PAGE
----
In the bowl of an electric mixer, combine the flour, sugar, baking powder, baking soda and salt. Mix it for about 30 seconds to ensure that it is well combined. Add the butter and 1/2 cup remaining sour cream and mix on a low setting until all the ingredients are combined. Increase the speed to medium and mix for an additional 30 seconds. Slow down the mixer and slowly add the egg and sour cream mixture, in 3 additions, beating for 30 seconds and scraping the bowl after each addition. Increase the speed to medium-high and beat for an additional minute.
Add 2 generous cups of batter to the bottom of the prepared tube pan and spread it around evenly with a rubber spatula. Sprinkle with about half of the LAYERING (no nuts) streusel. If you need to move it around a fork works nicely. Add one and a half cups more of the batter and, likewise, spread it around evenly with the spatula. Sprinkle on the rest of the LAYERING (no nuts) streusel. Top with the remaining batter and sprinkle on the TOP (with nuts) streusel.
Bake for 50 to 60 minutes or until a toothpick comes out clean. Some streusel may stick to the toothpick but there should not be any batter stuck to the pick. Mine took the full 60. Remove the pan to a rack and allow the cake to cool in the pan for 30 minutes.
When you remove the cake from the pan you will invert it to get it to come out, and then re-invert it so that the streusel side is up.
NOTE: To do the inversion trick, you can use a wire rack, but I use a clever little invention that my mom made for me. If you are using a tube pan you will notice that the tube in the middle sticks up about 2 inches taller than the rest of the pan. Thus, your cake has to drop and thud onto the rack when you invert it. So we use a cardboard circle with a hole just the size of the tube cut out of the middle. It ends up looking like a fat lifesaver. If you cover it carefully with foil you can use it over and over again. My mom has actually been using the same one for decades. So you put the “O” down over the tube and invert the pan. No thud. Then you can put your cake plate or rack on top and re-invert it. This works great for all cakes made in a tube pan. In fact, she made her first foil “O” to deal with her pound cake (coming soon). But it works especially nicely here because it captures streusel that would otherwise go all over the floor or down the drain. You will drop some streusel with this trick so do it over the sink, but between the “O” and the extra streusel, everything works out just great.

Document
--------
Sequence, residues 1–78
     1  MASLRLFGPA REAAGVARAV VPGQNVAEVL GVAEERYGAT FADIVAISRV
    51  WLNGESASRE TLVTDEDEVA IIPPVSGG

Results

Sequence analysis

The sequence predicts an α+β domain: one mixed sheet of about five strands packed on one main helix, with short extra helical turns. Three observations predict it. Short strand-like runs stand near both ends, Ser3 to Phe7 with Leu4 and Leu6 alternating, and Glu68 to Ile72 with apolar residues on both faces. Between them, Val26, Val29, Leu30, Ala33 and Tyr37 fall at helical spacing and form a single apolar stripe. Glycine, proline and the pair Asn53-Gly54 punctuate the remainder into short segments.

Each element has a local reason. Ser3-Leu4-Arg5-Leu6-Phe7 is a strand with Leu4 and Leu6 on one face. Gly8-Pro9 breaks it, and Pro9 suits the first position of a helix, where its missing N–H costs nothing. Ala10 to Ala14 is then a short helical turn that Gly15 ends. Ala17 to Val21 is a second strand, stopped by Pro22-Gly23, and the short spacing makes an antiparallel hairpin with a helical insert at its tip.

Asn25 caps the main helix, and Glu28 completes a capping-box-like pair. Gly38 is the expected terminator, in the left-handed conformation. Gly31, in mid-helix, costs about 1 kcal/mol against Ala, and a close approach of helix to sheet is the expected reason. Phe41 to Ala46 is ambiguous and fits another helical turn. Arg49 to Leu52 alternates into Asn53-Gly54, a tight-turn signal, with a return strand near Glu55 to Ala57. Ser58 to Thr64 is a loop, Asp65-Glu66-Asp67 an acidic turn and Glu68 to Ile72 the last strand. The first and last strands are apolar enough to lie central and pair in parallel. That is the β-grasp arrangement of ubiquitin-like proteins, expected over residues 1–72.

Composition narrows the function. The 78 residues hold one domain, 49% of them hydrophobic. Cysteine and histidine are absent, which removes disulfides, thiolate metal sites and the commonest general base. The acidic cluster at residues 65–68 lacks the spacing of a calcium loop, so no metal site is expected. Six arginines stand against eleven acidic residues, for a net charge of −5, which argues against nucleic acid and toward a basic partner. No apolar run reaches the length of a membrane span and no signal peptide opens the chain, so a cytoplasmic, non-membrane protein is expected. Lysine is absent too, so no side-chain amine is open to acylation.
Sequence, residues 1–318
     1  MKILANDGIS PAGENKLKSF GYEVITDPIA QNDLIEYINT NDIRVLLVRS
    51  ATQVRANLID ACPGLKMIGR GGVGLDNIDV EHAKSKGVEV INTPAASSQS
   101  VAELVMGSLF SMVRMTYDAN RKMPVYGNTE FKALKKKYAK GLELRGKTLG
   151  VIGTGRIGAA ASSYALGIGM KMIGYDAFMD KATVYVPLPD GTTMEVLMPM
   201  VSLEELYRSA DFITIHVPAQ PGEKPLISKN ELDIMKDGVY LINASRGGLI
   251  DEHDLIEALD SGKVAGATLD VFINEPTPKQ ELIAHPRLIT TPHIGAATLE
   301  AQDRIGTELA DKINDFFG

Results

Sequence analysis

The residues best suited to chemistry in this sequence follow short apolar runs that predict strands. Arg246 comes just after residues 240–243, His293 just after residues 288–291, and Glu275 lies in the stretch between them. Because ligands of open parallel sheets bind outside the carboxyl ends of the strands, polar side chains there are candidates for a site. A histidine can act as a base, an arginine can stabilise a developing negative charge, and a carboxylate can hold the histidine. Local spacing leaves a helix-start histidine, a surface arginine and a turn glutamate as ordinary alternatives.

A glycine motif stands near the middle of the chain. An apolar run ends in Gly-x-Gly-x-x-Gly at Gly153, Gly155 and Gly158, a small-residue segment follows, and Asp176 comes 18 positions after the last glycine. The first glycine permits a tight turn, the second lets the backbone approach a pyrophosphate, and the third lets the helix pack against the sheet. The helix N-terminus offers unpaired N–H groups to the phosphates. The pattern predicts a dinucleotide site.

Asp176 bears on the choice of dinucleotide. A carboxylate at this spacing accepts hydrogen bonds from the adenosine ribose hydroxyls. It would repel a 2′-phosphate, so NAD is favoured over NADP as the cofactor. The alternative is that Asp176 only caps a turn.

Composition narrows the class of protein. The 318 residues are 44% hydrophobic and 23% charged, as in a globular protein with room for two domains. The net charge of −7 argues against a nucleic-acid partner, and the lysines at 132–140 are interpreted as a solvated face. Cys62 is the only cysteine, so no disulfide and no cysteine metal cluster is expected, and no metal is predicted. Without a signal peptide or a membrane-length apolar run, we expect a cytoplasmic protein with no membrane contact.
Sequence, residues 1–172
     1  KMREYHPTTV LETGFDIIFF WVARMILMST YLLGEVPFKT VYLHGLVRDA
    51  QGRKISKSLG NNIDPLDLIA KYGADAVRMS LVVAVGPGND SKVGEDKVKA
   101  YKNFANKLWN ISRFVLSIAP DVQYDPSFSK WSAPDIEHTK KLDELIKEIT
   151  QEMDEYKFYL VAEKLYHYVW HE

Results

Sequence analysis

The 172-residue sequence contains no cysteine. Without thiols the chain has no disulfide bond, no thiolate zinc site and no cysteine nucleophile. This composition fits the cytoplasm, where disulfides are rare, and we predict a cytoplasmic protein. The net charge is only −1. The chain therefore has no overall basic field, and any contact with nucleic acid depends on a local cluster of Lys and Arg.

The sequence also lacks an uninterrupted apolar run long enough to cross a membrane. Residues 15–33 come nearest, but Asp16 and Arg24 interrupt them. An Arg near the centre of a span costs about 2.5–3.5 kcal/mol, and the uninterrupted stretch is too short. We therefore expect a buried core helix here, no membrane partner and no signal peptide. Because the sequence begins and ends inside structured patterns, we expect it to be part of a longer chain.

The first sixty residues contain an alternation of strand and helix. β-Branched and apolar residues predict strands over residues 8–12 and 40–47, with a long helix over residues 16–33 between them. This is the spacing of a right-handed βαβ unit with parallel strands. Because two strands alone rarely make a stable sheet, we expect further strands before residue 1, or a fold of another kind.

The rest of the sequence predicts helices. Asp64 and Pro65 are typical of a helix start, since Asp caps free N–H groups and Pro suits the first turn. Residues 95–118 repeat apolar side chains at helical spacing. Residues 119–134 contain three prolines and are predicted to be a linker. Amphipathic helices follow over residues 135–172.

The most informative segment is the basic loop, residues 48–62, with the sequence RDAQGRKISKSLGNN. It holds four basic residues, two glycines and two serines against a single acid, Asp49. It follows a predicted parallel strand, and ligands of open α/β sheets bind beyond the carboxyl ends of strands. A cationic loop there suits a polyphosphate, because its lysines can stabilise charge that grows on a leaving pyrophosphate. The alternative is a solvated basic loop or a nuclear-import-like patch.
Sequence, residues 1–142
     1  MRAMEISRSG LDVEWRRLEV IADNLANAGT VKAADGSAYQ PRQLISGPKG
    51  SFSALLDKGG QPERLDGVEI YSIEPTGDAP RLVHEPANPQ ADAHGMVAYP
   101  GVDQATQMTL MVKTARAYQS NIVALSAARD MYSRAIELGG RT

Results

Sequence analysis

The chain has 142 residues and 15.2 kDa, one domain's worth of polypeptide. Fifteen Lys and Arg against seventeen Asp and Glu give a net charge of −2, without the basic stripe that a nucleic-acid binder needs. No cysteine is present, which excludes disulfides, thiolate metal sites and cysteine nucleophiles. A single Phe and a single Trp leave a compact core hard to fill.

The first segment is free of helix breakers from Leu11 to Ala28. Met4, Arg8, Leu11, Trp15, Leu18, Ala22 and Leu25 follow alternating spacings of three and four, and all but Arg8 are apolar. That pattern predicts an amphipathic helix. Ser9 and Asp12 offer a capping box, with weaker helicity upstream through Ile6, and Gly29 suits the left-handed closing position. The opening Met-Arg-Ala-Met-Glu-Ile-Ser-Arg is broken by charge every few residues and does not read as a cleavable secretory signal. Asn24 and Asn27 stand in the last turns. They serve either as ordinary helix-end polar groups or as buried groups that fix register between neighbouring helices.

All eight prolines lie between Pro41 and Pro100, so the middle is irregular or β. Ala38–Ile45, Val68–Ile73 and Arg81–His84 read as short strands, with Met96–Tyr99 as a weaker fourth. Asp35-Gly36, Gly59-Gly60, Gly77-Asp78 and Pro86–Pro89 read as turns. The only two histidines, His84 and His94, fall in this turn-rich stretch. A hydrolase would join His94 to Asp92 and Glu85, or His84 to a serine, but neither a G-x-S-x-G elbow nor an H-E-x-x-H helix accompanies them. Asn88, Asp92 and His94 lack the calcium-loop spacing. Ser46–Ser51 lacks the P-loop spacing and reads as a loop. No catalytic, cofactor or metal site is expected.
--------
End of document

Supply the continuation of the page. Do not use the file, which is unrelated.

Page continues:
I hope you like this cake as much as we did. My execution was not perfect. Most notably I didn’t have time to let the cake cool for the entire 30 minutes, but the nature of the cake is a bit bumpy. I left the pecans chunky as I did not use a food processor to make the streusel and the result was decidedly rustic, but I thought it was gorgeous and it tasted great. Problematically great. Try it.
One upside of always taking photos of all of your food creations is that everyone hovers around waiting for a taste…giving you an opportunity to snap photos of them, too. They lose patience with this trick quickly, though. Isn’t that a great looking lizard? And, that’s Bob. You know Lily and Ford, by now. My mom was running around getting all the matching napkins…which I never have. So when I bake at the lake, so to speak, we get to play with dishes and napkins that actually go together on purpose instead of the stuff I pick up at garage sales to feed my, otherwise cost prohibitive, food styling habit. And by the way, that beat up tube pan that I got to use in this recipe, belonged to my Grandpa Virgil. I can’t begin to tell you how wonderful it is to cook with one of his pans.
And finally, I promise…
This is yet another example of how when I start on a topic about which I know little I always turn to Cooks Illustrated first, be it the magazine, the Best Recipe book or this one, American Classics. I shed cookbooks here and there, and I chronically rip out pages from magazines, but I never ditch a Cooks Illustrated book, and I never rip up their magazines. And if you are fed up with paper, they have an excellent subscription based website that is wonderful. I wish they offered summer camps. I’d go work in their test kitchen for a month (or a lifetime).